In order to investigate the characteristics and fate of single MSC114 cells, 33 clones were generated by limiting dilution. Only 2 of these were able to grow for 20 PDs before senescence, and karyotypic analysis of these showed absence of metaphases, confirming the lack of a proliferative advantage of cells with abnormal karyotypes (data not shown). Altogether, these data suggest lack of transformation of MSC114, despite multiple and clonal chromosome alterations. As batch MSC114 could not be released for safety reasons, patient n. 63 underwent two further BM collections and MSC expansions. As shown in Table 1, the karyotypes of these expanded products, MSC120 and MSC123, were normal suggesting that the abnormalities observed in MSC114 were non-recurrent and donor independent.2 Finally, as p53 expression has been involved in MSC transformation,6 we analyzed the p53 DNA sequences of both MSC114 and MSC120 derived from the same patient. A median of 575 sequences (range 115–1051) and 690 sequences (range 77–1058) were performed, respectively, and the only genomic variation detected was a base substitution (rs1625895A/G) in exon 5 representing the most common single nucleotide polymorphism variant present in the Caucasian population.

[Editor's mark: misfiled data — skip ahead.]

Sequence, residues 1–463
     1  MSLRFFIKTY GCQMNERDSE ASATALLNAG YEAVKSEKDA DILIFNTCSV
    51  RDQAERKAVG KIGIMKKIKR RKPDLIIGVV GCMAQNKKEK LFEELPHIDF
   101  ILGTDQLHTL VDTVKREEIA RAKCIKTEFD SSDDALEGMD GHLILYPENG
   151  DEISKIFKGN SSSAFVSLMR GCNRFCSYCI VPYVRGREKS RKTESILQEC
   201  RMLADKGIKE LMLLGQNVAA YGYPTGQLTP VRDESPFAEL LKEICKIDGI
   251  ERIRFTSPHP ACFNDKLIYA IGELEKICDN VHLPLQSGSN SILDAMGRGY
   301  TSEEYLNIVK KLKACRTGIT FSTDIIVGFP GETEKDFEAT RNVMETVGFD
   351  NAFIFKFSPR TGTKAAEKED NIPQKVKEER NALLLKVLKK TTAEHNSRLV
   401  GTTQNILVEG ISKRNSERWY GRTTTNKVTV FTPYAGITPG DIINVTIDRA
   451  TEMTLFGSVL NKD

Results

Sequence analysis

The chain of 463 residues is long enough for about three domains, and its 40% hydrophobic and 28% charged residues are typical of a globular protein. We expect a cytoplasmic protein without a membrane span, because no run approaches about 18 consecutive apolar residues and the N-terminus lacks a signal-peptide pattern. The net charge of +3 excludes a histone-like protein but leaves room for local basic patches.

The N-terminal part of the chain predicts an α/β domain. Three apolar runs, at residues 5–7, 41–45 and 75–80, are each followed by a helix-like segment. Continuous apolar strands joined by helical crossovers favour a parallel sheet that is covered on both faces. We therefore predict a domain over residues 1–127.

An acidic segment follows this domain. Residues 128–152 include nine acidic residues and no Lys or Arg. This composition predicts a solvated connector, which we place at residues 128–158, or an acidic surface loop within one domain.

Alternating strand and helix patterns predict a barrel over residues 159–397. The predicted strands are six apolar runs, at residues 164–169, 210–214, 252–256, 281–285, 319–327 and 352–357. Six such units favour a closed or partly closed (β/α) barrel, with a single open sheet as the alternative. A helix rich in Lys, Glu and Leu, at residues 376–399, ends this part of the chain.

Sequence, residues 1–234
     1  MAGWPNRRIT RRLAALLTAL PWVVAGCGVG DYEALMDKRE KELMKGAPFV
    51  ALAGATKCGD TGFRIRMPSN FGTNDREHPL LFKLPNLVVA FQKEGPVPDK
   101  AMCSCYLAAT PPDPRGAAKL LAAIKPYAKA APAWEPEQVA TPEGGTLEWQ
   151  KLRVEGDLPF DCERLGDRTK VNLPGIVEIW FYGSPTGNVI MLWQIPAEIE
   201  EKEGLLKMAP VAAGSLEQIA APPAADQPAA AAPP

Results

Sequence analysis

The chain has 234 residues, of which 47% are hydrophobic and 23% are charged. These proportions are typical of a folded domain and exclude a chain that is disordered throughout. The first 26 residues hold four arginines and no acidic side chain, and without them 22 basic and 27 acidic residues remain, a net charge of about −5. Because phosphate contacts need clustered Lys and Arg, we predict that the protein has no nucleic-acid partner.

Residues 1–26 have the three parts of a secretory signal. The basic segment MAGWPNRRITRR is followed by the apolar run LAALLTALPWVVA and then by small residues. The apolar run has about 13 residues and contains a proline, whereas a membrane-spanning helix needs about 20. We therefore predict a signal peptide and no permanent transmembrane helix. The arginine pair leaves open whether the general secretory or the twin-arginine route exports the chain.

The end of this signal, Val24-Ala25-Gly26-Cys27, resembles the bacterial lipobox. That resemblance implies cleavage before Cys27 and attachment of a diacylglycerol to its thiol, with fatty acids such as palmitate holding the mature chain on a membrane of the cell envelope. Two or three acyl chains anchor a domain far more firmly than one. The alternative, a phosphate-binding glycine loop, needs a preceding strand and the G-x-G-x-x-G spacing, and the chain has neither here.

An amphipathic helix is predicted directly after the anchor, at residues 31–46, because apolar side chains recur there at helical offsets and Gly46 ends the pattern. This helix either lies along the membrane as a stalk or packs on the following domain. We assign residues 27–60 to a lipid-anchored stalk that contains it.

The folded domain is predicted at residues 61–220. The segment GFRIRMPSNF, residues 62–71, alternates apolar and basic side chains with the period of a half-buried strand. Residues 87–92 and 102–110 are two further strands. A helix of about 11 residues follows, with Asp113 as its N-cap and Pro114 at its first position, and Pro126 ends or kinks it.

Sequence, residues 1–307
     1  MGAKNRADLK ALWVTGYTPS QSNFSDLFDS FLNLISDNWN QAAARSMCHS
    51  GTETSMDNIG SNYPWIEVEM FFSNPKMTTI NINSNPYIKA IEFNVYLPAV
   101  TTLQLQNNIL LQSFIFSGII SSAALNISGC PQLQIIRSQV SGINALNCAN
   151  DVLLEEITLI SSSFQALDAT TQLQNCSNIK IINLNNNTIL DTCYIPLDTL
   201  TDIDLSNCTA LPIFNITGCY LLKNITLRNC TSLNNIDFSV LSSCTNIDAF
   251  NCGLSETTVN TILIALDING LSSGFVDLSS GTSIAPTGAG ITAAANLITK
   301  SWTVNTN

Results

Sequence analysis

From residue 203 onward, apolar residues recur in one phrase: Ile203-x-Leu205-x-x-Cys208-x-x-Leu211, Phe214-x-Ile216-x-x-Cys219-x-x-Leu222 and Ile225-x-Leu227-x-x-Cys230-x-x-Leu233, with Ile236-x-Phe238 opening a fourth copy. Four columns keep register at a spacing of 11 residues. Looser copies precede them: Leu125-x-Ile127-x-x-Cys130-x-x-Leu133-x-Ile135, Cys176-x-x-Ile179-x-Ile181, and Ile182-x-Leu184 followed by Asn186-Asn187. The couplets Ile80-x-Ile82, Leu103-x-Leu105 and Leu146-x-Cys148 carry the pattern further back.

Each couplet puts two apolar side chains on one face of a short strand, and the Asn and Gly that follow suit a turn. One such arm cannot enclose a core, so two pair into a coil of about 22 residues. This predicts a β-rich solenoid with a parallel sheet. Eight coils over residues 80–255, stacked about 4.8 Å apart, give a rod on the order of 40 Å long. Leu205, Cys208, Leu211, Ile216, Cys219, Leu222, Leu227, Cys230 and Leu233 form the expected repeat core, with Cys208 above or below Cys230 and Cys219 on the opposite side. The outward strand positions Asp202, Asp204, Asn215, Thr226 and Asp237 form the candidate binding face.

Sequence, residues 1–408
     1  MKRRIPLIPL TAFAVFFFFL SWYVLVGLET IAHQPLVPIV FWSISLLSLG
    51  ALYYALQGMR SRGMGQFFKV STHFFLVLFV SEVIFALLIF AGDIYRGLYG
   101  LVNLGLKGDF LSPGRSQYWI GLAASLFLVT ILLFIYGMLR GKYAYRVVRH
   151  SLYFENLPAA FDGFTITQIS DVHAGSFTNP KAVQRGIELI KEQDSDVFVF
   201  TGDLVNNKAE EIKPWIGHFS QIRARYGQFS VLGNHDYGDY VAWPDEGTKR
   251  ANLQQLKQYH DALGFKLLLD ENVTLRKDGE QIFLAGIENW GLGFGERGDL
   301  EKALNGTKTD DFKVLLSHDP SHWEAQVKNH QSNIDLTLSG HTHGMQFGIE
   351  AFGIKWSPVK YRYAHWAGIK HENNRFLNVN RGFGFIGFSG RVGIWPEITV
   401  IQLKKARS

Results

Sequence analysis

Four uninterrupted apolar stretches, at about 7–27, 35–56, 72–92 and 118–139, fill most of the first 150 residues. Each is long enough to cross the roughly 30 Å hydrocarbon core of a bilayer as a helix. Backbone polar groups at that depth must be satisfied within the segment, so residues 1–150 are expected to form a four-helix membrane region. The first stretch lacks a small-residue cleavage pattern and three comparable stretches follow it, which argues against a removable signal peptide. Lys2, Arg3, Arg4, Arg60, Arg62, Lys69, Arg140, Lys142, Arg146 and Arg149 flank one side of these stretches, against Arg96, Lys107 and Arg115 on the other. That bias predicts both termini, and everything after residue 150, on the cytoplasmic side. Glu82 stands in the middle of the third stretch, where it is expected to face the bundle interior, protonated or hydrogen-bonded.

In conclusion, conventional karyotype analysis performed as quality control test on 92 clinical-grade BM-MSC preparations, to our knowledge the largest collection reported so far, showed the presence of spontaneous, non-clonal and non-recurrent mutations in 14 of 86 cases (16.3%). A previous study by Ben-David et al.,15 based on DNA microarray analysis, reported 4% aberrations over 135 MSC samples. In only 3 of 86 cases (3.5%), was evidence of clonal mutations obtained, but these were not associated with a malignant transformation and transformed phenotype in vitro. Nevertheless, for safety reasons and in the light of the Cell Product Working Party (CPWP) review,2 the lack of clonal chromosome aberrations or the presence of non-clonal chromosome anomalies on 10% or less of metaphases were set as release criteria before MSC distribution for exploitation in clinical trials.